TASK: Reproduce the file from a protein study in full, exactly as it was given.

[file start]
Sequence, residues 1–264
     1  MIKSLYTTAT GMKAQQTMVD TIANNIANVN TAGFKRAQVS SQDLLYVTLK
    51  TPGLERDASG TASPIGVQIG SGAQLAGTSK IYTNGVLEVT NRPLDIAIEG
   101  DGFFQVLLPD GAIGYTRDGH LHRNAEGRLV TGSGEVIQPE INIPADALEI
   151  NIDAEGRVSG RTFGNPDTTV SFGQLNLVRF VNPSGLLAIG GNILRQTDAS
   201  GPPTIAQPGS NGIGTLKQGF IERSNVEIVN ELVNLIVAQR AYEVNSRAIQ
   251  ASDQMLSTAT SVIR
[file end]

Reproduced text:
Sequence, residues 1–264
     1  MIKSLYTTAT GMKAQQTMVD TIANNIANVN TAGFKRAQVS SQDLLYVTLK
    51  TPGLERDASG TASPIGVQIG SGAQLAGTSK IYTNGVLEVT NRPLDIAIEG
   101  DGFFQVLLPD GAIGYTRDGH LHRNAEGRLV TGSGEVIQPE INIPADALEI
   151  NIDAEGRVSG RTFGNPDTTV SFGQLNLVRF VNPSGLLAIG GNILRQTDAS
   201  GPPTIAQPGS NGIGTLKQGF IERSNVEIVN ELVNLIVAQR AYEVNSRAIQ
   251  ASDQMLSTAT SVIR